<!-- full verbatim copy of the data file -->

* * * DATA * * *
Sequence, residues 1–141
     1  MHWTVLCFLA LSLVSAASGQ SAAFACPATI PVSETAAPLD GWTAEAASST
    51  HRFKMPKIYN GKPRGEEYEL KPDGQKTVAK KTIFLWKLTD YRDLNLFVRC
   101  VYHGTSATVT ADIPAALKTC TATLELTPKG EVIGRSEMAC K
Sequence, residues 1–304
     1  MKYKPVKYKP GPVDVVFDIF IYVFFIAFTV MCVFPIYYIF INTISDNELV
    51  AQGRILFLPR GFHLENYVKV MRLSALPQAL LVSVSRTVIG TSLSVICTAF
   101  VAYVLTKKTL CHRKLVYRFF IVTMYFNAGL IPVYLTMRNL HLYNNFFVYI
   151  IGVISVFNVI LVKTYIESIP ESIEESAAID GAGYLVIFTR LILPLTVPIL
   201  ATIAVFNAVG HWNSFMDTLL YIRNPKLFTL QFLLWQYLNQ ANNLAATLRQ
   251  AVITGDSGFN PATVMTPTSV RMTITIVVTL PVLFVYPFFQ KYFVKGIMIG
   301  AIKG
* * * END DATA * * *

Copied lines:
Sequence, residues 1–141
     1  MHWTVLCFLA LSLVSAASGQ SAAFACPATI PVSETAAPLD GWTAEAASST
    51  HRFKMPKIYN GKPRGEEYEL KPDGQKTVAK KTIFLWKLTD YRDLNLFVRC
   101  VYHGTSATVT ADIPAALKTC TATLELTPKG EVIGRSEMAC K
Sequence, residues 1–304
     1  MKYKPVKYKP GPVDVVFDIF IYVFFIAFTV MCVFPIYYIF INTISDNELV
    51  AQGRILFLPR GFHLENYVKV MRLSALPQAL LVSVSRTVIG TSLSVICTAF
   101  VAYVLTKKTL CHRKLVYRFF IVTMYFNAGL IPVYLTMRNL HLYNNFFVYI
   151  IGVISVFNVI LVKTYIESIP ESIEESAAID GAGYLVIFTR LILPLTVPIL
   201  ATIAVFNAVG HWNSFMDTLL YIRNPKLFTL QFLLWQYLNQ ANNLAATLRQ
   251  AVITGDSGFN PATVMTPTSV RMTITIVVTL PVLFVYPFFQ KYFVKGIMIG
   301  AIKG